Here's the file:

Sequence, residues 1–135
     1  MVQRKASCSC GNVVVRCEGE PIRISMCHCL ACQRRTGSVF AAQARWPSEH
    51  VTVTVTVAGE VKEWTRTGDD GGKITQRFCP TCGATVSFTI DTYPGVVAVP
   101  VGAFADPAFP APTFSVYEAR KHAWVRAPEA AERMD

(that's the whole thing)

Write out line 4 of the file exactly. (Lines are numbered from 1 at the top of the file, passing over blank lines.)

   101  VGAFADPAFP APTFSVYEAR KHAWVRAPEA AERMD